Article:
Local's guide: Myall Lakes

Aerial View Myall Lakes my nrma local guides
Aerial View Myall Lakes my nrma local guides
  Trip Summary
View the map

Explore Myall Lakes

Seal Rocks – The Green Cathedral – Sugarloaf Point lighthouse – 
Great Lakes Food Trail

Member benefit
NRMA Myall Shores Holiday Park

These communities have been impacted by bushfire, drought and lockdown restrictions. Please check the status of roads and places you plan to visit before setting off.

Water, water everywhere... Discover a vast system of coastal lakes and postcard perfect beaches that wind their way through unspoiled national parks on the New South Wales Mid North Coast.

View the Myall Lakes map

Just a few hours north of Sydney and close to the town of Forster, Myall Lakes is a water playground. It’s part of the wider Great Lakes region, a huge network of interconnecting lakes and rivers flanked by some of the best beaches in the state. Things move at a pretty slow pace around here, so expect lazy days fishing from a houseboat, farm gate hopping along a local food trail and sunset drinks with the best views around.

Where to eat

Start your day with a great coffee and a leisurely breakfast at the Frothy Coffee Boatshed, right on the waterfront at Smiths Lake. The menu is short and sweet, although you’ll usually find specials on during the school holidays. After you’ve eaten, hire one of their tinnies, kayaks or catamarans and have a potter around the lake.

If you’re looking for something a little more adventurous, head to Kembali Cafe at Blueys Beach for the Indo brekkie bowl – coconut rice with peanut and herb salad, served with fried eggs, bacon and fresh chilli. This small café, just back from the beach, also offers Asian favourites like nasi goreng and coconut curry alongside more traditional burgers and salads.

At sunset, the best place to be is the Pacific Palms Recreation Club with a beer in hand. Known as The Recky, it’s something of a local institution and has an enviable position on Wallis Lake’s Elizabeth Beach. Come on a Sunday and eat your fill of $1 oysters.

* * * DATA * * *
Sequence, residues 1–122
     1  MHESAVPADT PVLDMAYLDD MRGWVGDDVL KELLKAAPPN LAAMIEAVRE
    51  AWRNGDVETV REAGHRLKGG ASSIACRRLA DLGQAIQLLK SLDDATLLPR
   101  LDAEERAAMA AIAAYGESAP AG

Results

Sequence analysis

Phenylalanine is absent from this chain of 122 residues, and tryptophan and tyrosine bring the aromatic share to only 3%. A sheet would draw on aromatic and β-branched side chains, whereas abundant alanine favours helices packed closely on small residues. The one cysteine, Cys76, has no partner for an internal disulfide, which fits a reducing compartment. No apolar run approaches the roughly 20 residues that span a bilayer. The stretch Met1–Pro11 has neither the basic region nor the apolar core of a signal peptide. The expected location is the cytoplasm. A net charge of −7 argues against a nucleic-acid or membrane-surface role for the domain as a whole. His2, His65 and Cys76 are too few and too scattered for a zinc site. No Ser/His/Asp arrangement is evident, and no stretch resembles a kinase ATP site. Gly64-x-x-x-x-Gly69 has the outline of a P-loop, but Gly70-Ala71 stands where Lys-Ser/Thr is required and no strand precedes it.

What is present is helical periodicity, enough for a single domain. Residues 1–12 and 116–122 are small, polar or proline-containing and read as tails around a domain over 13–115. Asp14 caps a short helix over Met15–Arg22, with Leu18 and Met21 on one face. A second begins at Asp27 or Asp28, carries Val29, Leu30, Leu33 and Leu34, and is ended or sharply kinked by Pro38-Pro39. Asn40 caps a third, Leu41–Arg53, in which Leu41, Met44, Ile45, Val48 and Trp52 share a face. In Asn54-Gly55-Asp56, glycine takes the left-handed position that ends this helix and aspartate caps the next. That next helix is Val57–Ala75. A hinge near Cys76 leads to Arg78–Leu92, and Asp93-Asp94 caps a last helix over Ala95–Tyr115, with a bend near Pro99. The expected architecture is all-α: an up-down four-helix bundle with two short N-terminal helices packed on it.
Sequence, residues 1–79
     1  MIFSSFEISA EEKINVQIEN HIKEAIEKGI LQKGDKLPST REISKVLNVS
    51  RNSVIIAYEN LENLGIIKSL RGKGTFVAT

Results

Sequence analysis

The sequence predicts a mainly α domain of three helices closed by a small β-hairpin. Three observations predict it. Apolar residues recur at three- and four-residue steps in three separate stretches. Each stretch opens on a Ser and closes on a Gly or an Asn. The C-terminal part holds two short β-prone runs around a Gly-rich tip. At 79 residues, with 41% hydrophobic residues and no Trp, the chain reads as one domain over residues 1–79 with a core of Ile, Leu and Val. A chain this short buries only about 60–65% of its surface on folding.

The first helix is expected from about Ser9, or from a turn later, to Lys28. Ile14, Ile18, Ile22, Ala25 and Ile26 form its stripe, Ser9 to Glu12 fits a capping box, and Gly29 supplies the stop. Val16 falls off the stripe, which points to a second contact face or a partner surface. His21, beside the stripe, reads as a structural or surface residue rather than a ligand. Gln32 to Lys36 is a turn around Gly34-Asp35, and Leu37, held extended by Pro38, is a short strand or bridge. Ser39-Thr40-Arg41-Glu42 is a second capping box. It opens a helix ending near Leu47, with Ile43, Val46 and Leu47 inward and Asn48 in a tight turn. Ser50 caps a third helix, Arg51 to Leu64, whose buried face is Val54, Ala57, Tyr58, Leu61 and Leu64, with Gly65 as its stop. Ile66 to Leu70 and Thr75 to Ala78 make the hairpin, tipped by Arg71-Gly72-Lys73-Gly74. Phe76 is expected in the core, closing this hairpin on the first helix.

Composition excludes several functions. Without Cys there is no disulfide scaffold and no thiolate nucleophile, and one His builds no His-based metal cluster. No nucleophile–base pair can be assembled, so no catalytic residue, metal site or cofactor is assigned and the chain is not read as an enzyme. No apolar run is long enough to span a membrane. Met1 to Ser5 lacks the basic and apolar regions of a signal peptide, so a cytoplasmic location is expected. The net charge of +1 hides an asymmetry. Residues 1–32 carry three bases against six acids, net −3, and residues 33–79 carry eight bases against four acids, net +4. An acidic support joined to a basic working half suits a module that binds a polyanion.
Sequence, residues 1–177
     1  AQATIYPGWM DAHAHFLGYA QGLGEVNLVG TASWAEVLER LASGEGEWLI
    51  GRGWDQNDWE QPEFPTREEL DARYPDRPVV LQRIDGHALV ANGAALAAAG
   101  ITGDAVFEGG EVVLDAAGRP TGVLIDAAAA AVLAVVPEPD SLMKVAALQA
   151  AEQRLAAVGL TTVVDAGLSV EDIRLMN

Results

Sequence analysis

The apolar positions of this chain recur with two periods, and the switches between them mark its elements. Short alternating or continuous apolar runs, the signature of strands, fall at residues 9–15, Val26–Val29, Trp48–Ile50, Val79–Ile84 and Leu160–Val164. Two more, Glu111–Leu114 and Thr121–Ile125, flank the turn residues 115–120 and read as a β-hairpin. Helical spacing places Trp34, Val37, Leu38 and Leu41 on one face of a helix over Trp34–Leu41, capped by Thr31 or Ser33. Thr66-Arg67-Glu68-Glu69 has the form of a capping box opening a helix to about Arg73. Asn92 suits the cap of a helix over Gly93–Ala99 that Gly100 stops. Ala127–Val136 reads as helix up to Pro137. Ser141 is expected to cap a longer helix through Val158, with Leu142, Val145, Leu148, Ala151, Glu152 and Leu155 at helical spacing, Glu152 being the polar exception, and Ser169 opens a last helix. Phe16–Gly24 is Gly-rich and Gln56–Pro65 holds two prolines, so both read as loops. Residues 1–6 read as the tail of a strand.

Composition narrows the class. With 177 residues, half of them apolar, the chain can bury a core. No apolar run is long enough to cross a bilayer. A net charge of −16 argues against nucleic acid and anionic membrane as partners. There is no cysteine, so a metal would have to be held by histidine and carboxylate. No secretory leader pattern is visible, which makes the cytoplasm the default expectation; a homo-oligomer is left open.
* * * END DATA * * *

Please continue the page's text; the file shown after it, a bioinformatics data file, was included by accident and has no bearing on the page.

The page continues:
Where to play

A contender for Australia’s most beautiful beach is hidden just a short drive from Myall Lakes. Seal Rocks is a carefully guarded secret and the local population of 150 or so is fiercely protective of this gently curving strip of sand sandwiched between rolling bushland and an impossibly blue ocean. It can be tricky to find, accessible only by a narrow, winding drive that takes around 30 minutes from the highway, but it’s absolutely worth the hunt. Sugarloaf Point lighthouse sits at one end of the beach and has been watching over the treacherous water since 1875.

Even if you’re not the religious type, a visit to the Green Cathedral will leave you feeling inspired. Built in 1922, it’s an open air space under the rainforest canopy sitting on a narrow strip of land that runs between Smiths Lake and the ocean. With its roughhewn wooden pews, it’s a popular place for weddings or christenings. A non denominational service is held every Sunday, but it’s worth a visit any time for some peace and tranquility in nature.

If you want to really embrace the slow way of life, hire a houseboat. Luxury Houseboat Hire has boats that sleep up to 10 and can be driven without a boat licence. Swim, fish or just relax on the deck and watch the world float by.


People who live around Myall Lakes and the Great Lakes region know how good the local produce is, but it’s largely unknown to outsiders. So, in early 2017, the Great Lakes Food Trail was launched, an easy to follow route that starts in Bulahdelah and runs north to Wootton, along the shores of Myall Lake to the coast at Blueys Beach. It stops at local farms, producers, cafes and wineries, all of which are committed to ethical and humane food production. The trail organises seasonal events (with a schedule on the website) and different producers take part, depending on what they have to offer.

Where to stay

Set along 1.5km of pristine lakefront, the NRMA Myall Shores Holiday Park is bang in the centre of the Myall Lakes National Park. Camp and caravan sites are set within the gardens and on the shores of the lake, or you can choose one of the unique lakeside safari tents or a stylish villa. Facilities include a swimming pool, barbecue areas and a kiosk. The Barefoot Café & Pizza Co is open from 10am to 7pm every day and you can eat on the outdoor deck or down on the jetty. The park also organises special kids’ activities during the school holidays.

Image credit: Destination NSW


If you are a local business or a traveller passing through, we want to hear why road trips are important to you!